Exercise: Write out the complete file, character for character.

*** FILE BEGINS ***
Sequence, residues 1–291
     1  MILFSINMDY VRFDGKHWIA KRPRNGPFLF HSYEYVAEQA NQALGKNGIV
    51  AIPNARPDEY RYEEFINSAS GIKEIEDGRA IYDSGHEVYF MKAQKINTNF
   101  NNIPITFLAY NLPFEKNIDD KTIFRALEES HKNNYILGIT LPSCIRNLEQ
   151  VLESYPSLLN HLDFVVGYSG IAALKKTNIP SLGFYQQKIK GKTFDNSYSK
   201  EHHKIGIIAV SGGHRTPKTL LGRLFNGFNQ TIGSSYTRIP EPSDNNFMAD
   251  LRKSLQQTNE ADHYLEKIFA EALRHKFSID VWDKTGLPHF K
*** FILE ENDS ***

Sequence, residues 1–291
     1  MILFSINMDY VRFDGKHWIA KRPRNGPFLF HSYEYVAEQA NQALGKNGIV
    51  AIPNARPDEY RYEEFINSAS GIKEIEDGRA IYDSGHEVYF MKAQKINTNF
   101  NNIPITFLAY NLPFEKNIDD KTIFRALEES HKNNYILGIT LPSCIRNLEQ
   151  VLESYPSLLN HLDFVVGYSG IAALKKTNIP SLGFYQQKIK GKTFDNSYSK
   201  EHHKIGIIAV SGGHRTPKTL LGRLFNGFNQ TIGSSYTRIP EPSDNNFMAD
   251  LRKSLQQTNE ADHYLEKIFA EALRHKFSID VWDKTGLPHF K